The Health Care and Conscience Debate

Engage, Vol. 12. p. 121, June 2011

7 Pages Posted: 26 Mar 2011 Last revised: 18 Feb 2016

See all articles by Luke W. Goodrich

Luke W. Goodrich

The Becket Fund for Religious Liberty; University of Utah - S.J. Quinney College of Law

Date Written: June 27, 2011

Abstract

Can a hospital require a nurse to assist in an abortion in violation of her religious beliefs? Can a pharmacy fire one of its pharmacists for conscientiously refusing to dispense the morning-after pill? During the Bush administration, the Department of Health and Human Services issued a regulation designed to protect health care workers’ right of conscience. But the Obama administration recently rescinded that regulation and issued a new one. This article first explains how the new regulation reduces protections for conscience; second, it rebuts the principal arguments against broad conscience protections; finally, it highlights where the next big fights over conscience will occur – in courts, state governments, the executive branch, and Congress.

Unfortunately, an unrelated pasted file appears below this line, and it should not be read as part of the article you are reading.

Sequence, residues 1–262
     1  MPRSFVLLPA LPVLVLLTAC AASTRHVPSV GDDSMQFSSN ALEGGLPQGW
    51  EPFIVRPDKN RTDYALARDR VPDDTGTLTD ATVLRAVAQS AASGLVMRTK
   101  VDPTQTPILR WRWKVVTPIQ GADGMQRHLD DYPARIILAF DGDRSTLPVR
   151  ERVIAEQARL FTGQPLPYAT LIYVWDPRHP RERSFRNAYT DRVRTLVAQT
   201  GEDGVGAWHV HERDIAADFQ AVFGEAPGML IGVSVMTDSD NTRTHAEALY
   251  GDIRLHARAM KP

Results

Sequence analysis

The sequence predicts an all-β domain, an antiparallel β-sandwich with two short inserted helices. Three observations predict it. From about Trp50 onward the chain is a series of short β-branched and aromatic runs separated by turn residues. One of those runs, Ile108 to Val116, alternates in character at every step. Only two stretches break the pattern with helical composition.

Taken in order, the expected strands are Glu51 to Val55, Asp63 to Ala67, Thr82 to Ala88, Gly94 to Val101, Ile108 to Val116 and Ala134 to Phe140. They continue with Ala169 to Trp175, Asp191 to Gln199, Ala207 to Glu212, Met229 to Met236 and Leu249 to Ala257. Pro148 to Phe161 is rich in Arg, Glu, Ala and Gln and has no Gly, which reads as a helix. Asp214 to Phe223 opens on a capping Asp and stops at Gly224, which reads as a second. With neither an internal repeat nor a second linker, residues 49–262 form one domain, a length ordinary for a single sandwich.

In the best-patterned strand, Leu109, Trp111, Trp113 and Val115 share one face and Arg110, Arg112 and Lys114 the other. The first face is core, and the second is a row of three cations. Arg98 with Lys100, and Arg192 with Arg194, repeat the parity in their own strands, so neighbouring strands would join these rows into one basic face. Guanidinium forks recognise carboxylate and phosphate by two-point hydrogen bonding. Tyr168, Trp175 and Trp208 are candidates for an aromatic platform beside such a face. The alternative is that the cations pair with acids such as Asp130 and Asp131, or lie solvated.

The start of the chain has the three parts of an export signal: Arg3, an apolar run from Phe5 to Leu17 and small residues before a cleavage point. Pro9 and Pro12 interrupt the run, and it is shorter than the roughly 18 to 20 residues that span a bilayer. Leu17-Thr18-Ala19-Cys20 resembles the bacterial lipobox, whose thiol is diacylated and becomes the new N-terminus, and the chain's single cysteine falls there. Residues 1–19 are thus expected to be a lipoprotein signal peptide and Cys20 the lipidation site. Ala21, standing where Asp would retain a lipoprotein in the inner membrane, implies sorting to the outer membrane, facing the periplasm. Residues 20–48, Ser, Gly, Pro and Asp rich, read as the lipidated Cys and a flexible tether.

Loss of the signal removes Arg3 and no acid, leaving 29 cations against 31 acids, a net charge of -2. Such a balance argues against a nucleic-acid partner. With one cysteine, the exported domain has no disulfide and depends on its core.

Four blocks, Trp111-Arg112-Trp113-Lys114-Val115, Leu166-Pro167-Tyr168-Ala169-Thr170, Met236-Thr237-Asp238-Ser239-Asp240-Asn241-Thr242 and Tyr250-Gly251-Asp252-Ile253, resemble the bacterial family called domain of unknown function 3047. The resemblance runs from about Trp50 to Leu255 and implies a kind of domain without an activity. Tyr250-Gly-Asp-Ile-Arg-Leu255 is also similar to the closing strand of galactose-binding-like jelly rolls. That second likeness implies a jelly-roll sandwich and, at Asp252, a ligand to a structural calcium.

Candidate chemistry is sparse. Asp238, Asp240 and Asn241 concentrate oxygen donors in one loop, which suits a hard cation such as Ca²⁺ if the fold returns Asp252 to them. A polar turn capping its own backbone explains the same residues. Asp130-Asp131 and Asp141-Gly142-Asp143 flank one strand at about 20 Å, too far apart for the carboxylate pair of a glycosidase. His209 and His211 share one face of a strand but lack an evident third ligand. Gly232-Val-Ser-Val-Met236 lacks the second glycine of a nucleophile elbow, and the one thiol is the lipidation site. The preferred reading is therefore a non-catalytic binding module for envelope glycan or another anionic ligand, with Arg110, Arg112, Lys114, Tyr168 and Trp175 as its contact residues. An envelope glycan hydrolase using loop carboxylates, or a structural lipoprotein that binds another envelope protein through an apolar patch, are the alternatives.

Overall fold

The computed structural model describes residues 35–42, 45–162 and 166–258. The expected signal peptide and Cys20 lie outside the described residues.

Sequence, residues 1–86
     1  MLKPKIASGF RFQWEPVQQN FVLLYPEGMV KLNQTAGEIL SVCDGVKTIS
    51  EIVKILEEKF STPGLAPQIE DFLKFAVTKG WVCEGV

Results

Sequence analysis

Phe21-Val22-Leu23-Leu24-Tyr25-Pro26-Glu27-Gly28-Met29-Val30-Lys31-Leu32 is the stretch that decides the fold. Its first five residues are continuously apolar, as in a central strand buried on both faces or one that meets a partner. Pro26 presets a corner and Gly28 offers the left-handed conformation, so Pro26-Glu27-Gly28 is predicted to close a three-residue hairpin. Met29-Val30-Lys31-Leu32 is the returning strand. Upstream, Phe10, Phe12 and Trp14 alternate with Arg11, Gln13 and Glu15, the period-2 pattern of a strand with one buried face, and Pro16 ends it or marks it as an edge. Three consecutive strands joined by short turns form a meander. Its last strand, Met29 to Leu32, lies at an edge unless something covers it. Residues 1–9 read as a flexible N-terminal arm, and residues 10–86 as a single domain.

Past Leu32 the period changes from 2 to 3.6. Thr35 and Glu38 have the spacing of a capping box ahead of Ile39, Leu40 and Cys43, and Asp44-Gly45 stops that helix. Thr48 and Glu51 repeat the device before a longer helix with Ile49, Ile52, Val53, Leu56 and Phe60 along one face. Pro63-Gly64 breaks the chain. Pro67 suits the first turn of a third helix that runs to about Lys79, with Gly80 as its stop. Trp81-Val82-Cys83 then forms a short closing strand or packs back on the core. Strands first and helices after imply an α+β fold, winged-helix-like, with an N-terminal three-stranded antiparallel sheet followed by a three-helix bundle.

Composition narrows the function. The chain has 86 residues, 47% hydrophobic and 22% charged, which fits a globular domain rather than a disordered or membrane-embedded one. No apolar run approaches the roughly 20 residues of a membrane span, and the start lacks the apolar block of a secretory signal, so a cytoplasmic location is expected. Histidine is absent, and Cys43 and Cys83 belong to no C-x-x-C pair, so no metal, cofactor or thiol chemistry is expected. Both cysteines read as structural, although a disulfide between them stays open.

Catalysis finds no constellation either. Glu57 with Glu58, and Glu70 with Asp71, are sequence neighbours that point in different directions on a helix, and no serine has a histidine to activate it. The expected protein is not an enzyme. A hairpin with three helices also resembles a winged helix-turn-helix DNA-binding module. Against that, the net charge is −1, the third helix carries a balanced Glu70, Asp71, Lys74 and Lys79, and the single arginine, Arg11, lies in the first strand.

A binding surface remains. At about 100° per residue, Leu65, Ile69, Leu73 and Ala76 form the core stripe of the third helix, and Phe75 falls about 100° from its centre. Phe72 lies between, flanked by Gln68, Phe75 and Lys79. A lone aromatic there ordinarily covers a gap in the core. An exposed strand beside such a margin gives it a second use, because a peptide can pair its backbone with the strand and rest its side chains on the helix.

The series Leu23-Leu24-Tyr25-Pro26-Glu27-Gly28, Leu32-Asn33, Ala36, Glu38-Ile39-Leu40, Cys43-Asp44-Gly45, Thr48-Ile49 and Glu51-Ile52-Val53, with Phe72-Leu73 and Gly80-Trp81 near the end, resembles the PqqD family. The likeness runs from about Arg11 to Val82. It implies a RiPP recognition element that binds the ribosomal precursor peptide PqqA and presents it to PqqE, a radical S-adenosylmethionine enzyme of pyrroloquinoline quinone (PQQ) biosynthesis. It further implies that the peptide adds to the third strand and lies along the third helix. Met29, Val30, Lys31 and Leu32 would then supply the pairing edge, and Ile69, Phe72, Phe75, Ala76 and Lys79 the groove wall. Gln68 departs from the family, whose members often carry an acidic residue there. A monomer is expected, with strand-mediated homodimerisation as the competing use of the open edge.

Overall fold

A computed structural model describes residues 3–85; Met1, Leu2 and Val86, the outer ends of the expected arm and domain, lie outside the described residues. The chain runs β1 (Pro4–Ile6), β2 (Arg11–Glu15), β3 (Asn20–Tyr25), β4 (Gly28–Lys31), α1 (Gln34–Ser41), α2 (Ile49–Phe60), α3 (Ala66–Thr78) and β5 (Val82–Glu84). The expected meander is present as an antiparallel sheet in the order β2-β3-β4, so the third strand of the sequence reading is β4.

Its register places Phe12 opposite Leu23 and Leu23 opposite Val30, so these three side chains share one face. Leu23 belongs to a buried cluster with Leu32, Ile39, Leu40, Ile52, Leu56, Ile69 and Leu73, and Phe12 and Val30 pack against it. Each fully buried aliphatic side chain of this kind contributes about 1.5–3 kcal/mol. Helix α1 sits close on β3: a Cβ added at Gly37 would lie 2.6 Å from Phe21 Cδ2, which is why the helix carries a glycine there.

Keywords: Health Care, Conscience, Religious Liberty, Religious Freedom, Conscientious Objection

Suggested Citation

Goodrich, Luke W., The Health Care and Conscience Debate (June 27, 2011). Engage, Vol. 12. p. 121, June 2011 . Available at SSRN: https://ssrn.com/abstract=1791866

Luke W. Goodrich (Contact Author)

The Becket Fund for Religious Liberty ( email )

1200 New Hampshire Ave. NW
Suite 700
Washington, DC 20036
United States

University of Utah - S.J. Quinney College of Law ( email )

383 S. University Street
Salt Lake City, UT 84112-0730
United States

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